Clemson in the championship of the
Carolina Christmas Classic, a
tournament the Tar Heels have yet to win
in its four-year history.
McGlade and Lawrence were all
tournament selections after UNC downed
Northern Kentucky 65-64 in the opening
round and went on to beat No. 19 Mercer
100-79 in semifinal action. Carolina
bowed to the Tigers in the final 80-77.
- The Tar Heels also downed East
Tennessee 64-54 Dec. 8, in Chapel Hill
behind the scoring of Lawrence with 1 1
and Wells and McGlade with 10 each.
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By REID TUVIM
t Sports Editor
MACON, GA. With about five-and-a-half minutes
left in Monday night's North Carolina-Mercer
basketball game here, the Tar Heel's Al Wood showed
the 8,000 people in Macon Coliseum what this game was
The junior forward from Gray just a three-point
jump shot from Macon deflected a pass at the time line
and raced in for a thundering dunk shot that woke up the
crowd, much of which had come to see the local fellow
who had made good in a big-time basketball program.
Another large chunk of the audience was UNC alumni
in the area, and they too, went home satisfied as
Carolina headed back to Chapel Hill from a long,
difficult road trip with an 81-63 win over Mercer.
But the contest didn't start out as a runaway. In fact,
the Bears held the lad for the first 7:13 building as
much as a seven-point buffer at 12-5 before Rich
Yonakor's layup put the Tar Heels ahead at 13-12.
Carolina went on to lead at the half by 14, 42-28.
Mercer could cut the deficit to no less than 10 early in
the second half, though Carolina head coach Dean
Smith said after the game that he felt the game was still
undecided until the last few minutes.
While the game served as Wood's "homecoming"
Smith tries to schedule games against teams in his
players' home areas Smith said the contest had a
second purpose. "We wanted to experiment with some
things and play a lot of guys."
Wood finished with 15 points and six rebounds. "I
think he wanted to do well," Smith said. "He was coming
"He's a complete ballplayer. I wanted him to shoot
more, but 1 think he wanted to show the people he could
Smith said he felt the game was very physical. "1
though we were back at Indiana."
UNC's Al Wood shoots for two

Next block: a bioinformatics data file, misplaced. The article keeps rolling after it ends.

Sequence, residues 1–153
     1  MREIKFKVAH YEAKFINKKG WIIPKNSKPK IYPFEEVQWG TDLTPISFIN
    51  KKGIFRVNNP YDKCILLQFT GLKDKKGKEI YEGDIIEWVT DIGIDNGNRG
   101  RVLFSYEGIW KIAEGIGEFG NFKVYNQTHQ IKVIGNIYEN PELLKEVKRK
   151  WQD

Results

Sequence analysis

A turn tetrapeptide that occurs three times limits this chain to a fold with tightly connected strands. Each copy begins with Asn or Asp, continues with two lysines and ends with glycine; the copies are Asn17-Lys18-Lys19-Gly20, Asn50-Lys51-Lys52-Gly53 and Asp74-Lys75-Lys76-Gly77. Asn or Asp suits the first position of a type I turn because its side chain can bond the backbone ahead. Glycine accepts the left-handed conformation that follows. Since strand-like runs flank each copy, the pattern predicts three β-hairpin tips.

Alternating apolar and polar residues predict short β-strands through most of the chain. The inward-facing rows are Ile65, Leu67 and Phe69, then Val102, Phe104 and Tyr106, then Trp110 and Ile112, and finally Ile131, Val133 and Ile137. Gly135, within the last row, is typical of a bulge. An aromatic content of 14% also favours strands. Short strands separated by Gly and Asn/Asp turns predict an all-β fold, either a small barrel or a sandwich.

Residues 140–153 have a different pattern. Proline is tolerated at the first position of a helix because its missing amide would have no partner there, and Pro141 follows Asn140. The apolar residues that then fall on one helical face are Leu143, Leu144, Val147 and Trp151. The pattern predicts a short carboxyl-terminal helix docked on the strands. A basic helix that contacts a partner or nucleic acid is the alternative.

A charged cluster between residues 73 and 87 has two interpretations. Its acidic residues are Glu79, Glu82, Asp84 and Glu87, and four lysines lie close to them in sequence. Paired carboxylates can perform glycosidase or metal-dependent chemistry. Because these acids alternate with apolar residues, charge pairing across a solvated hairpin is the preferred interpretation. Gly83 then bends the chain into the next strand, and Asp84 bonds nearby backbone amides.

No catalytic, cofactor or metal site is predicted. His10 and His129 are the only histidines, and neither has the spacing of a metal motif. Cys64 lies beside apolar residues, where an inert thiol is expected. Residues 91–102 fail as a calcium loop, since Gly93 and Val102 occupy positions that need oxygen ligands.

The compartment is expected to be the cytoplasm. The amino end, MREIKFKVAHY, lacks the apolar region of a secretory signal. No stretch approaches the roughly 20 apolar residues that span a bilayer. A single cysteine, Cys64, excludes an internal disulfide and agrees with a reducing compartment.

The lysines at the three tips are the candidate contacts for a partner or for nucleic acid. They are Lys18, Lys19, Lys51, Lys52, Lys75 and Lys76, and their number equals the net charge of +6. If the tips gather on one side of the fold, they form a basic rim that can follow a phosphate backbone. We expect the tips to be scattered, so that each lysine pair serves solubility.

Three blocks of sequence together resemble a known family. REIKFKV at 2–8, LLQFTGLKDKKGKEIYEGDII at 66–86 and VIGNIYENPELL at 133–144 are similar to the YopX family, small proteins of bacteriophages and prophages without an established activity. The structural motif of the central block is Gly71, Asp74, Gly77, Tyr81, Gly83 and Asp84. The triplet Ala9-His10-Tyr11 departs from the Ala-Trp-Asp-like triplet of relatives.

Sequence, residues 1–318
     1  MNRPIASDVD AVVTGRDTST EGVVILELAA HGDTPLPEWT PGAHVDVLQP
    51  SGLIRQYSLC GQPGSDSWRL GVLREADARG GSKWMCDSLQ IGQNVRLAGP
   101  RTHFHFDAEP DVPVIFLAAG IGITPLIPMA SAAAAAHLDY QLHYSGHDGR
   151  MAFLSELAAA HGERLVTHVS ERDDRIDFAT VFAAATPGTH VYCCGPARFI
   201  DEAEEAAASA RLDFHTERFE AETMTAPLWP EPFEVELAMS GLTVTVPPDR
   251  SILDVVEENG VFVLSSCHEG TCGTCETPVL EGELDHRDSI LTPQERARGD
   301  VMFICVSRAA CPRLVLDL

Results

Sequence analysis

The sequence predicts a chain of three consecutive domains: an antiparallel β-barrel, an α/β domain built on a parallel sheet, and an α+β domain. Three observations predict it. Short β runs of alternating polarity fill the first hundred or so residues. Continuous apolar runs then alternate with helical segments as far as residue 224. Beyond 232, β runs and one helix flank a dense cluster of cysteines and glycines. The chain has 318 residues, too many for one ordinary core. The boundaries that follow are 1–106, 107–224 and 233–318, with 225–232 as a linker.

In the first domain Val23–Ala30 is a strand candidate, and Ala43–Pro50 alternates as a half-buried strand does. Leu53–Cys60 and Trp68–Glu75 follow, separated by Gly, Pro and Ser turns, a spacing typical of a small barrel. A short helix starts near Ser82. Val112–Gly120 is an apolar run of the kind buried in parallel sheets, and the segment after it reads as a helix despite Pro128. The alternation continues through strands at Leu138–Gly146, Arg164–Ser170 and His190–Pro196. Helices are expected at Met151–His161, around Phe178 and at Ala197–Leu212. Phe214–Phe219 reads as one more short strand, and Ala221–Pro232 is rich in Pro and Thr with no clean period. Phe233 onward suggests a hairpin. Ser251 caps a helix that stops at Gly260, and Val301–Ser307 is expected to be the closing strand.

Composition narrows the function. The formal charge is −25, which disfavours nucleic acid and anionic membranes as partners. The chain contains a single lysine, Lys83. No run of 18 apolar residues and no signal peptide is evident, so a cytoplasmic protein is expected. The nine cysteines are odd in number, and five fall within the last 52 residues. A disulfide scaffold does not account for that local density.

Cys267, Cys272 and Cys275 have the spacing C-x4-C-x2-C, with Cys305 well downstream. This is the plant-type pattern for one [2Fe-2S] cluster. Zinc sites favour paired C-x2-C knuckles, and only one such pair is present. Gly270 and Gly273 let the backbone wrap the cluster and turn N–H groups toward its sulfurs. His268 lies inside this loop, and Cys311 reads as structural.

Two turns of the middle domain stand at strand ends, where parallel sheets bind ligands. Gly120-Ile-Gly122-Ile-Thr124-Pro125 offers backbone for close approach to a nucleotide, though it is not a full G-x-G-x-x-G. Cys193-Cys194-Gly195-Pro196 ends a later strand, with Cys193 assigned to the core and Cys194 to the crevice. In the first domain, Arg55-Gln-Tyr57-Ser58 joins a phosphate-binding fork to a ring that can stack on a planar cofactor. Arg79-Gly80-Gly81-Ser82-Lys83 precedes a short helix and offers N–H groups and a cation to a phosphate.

...Heels in middle of busy slate
Wood agreed. "It was real rough on the boards. We
weren't expecting it," he said. "It was probably the most
physical game we've played. 1 thought this team was
more physical than Indiana."
So did forward M ike O'Koren, who led Carolina with
19 points and 12 rebounds. "I believe this was the
roughest game of the year," the senior Ail-American
said. "I remember my sophomore year they showed the
(In 1978, Carolina defeated Mercer 73-70 in
Carolina showed a strong pressure defense
throughout the game, often confusing the Bears with
sudden double teams.
"We've got to stay like this, keep the defensive
pressure on," O'Koren said. "If we just get our defense
going, we'll be OK."
Carolina is now 6-3. Mercer drops to 4-5.
In other non-conference games during the semester
break, the Tar Heels finished third in the Phillips
International Tournament in London, England, and
defeated then-No. 4 Indiana, 61-57, in Bloomington,
The game against the Hoosiers, played in front of
17,311 hV Assembly Hall and a national television
audience, was close from the start, with Carolina
holding the game's biggest lead seven points once in
Indiana played without its leading scorer, Mike
Woodson, who is now out for the year with a back
The game was notable for its quick pace, physical
board play and Indiana's constant pressing man-to-man
defense for the entire game.
"Coach (Bobby) Knight stresses all man-to-man
defense," said O'Koren, who played under the Indiana
coach during last summer's Pan American games. "It
was good to play a whole game against man-to-man. It
was like a pro game fast-paced." ,.w , .
By REID TUVIM
CHARLOTTESVILLE, Va. For the capacity
crowd of 9,000 at University Hall, it was a dream come
For the Virginia Cavaliers, it was the end to years o(
For the North Carolina Tar Heels, it was a too-fitting
end to a day gone bad.
A Friday night and early Saturday morning snow
storm dumped more than a dozen inches of the white
stuff 'on Charlottesville, closing the airport and forcing
the Heels to bus to UVa the long way through
Richmond and on icy roads arriving only 90 minutes
Combine Carolina's playing part of the first half like
they were still trying to unkink from the six-and-a-half
hour trip and a fired-up, hot-shooting Virginia squad
and you end up with UNC's worst start ever in the
Atlantic Coast Conference, at 0-2.